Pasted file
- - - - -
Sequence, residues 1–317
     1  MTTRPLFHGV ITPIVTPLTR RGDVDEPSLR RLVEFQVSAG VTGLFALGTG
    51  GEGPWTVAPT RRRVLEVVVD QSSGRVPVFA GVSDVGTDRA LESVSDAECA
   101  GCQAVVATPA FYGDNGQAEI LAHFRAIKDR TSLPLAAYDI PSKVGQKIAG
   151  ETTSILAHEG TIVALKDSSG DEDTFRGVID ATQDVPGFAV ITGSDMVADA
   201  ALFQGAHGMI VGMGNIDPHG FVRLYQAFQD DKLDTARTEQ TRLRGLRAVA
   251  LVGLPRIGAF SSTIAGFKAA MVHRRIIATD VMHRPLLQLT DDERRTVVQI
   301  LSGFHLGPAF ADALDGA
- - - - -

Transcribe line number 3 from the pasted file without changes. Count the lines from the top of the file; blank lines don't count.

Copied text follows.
    51  GEGPWTVAPT RRRVLEVVVD QSSGRVPVFA GVSDVGTDRA LESVSDAECA